The open-source architecture of Firefox contributes to the overall safety of the browser; a community of skilled programmers can spot problems more quickly and correct them before a new release is available for general use. It’s been said that threat response time for Firefox averages one week, while it may take months for Microsoft engineers to fix critical bugs reported by security analysts – an unacceptable situation for users who remain unnecessarily vulnerable to exploits (hacker attacks) during that time.

>From the threat response standpoint, Firefox is clearly the winner.

Security features

Phishing safeguard

New protection against financial fraud and identity theft has been incorporated into the new IE. A so-called “phishing filter” now appears on the Internet Options menu, which is intended to protect users against unknowingly disclosing private information to unauthorized third parties. Here’s how it works:

If a user visits a spoofed site which looks exactly like a genuine one – usually as a result of clicking on a link in a fraudulent email - the browser senses a phishing attempt and compares the site against a list of known phishing sites. If the filter finds the site is a phishing culprit, it blocks access to the site and informs the user of the danger of leaving his/her personal details on sites like this. The database of known phishing sites is updated regularly, and users have an option to report a suspected phishing instant to Microsoft for evaluation.

We’re pleased to report that, even in beta, the filter appears to work quite well, correctly identifying half of the test sites we visited as phishing sites.

In Firefox, phishing protection is delivered through third-party extensions such as Google Safe Browsing (currently in beta for US-based users only (see; this can be plugged into the browser’s extension menu.

As additional protection against accidental phishing, the authors of IE have stated that they plan to make their product display the URL of every visited site. With IE 6, this capability was not available and many pop-ups appeared without displaying an address in the previously non-existent address bar. Unfortunately, in neither browser were we were able to achieve more than a fifty percent URL display ratio; we trust that this percentage will increase as the release of IE 7 approaches and Mozilla continues to work on improving its functionality in this area.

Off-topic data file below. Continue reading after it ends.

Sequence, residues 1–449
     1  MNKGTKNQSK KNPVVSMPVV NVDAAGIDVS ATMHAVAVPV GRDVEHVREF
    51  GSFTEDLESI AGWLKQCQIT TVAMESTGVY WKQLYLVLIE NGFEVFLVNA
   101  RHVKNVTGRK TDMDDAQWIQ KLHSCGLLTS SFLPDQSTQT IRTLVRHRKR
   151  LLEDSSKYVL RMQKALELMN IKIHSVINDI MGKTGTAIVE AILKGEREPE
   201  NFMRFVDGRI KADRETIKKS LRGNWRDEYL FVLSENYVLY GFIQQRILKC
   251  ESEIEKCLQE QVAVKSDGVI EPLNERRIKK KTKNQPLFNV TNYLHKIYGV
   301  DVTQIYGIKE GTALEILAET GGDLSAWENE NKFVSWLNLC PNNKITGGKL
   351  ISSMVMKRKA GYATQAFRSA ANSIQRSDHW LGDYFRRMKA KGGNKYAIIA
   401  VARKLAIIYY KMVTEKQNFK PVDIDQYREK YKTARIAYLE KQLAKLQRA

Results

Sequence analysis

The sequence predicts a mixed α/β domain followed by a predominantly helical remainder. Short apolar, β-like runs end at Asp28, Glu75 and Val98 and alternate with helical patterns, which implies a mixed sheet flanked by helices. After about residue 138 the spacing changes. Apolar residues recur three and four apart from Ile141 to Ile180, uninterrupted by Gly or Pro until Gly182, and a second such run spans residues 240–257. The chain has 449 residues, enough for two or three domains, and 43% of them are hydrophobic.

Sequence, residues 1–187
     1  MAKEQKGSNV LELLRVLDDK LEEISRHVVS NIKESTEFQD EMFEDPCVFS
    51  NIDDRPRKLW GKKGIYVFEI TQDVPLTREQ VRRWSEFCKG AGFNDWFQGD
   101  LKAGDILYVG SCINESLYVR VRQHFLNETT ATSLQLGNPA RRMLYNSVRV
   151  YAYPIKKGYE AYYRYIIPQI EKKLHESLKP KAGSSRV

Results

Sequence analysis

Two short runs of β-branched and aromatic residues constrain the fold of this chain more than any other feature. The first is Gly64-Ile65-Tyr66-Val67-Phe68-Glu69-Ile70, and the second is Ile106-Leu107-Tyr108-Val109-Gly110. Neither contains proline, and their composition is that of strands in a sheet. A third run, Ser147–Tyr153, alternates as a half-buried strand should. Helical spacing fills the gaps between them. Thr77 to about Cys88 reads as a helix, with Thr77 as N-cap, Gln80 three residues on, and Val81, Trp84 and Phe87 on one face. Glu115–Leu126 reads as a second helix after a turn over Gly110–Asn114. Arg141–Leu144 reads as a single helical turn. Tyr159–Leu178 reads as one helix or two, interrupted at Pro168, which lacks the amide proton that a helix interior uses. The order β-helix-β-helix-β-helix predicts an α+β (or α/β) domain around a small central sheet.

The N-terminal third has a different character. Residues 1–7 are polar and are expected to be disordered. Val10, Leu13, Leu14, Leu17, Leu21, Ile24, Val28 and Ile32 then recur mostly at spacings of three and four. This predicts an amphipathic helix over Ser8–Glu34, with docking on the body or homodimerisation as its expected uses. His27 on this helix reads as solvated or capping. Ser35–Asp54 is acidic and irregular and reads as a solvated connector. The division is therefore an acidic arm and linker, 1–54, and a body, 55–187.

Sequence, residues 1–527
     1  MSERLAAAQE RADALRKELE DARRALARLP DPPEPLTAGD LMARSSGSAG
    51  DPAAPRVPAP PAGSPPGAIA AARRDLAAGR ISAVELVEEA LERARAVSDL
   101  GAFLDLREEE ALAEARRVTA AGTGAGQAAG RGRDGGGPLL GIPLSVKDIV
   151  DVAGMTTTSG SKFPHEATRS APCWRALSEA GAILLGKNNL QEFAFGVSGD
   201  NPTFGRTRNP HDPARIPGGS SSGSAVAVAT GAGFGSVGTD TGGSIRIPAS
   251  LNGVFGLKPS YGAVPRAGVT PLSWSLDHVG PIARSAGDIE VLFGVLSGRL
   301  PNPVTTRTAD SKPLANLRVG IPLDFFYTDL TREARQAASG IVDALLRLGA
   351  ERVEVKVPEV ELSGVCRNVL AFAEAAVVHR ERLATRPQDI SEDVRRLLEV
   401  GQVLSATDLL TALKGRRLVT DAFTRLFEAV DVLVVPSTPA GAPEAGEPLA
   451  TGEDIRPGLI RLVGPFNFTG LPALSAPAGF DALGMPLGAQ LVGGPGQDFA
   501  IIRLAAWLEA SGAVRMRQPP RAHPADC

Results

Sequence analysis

Restriction of executable Web content

In the current version of IE, suspect websites have been free to install almost any software they want on visitors’ machines. While XP SP2 has dramatically reduced this possibility, many unnecessary add-ons and toolbars can still be easily installed by inexperienced users. IE 7 should provide more protection for naïve users, as it will offer to run in protected mode, thus restricting access to the host OS files and settings and making these critical elements of the computer inaccessible to malware.

The default setting for Firefox 1.5 is to have installation of extensions and add-ons disabled; the user must manually change settings in order to enable adding extensions to the browser.

There will always be a tradeoff between security and functionality, but security experts always maintained that letting websites unrestrictedly launch executable code within the browser creates unlimited potential for exploitation. IE 7 will offer much greater flexibility in configuring which external code will be permitted to run within the browser and what impact it would have on the OS.

ActiveX restrictions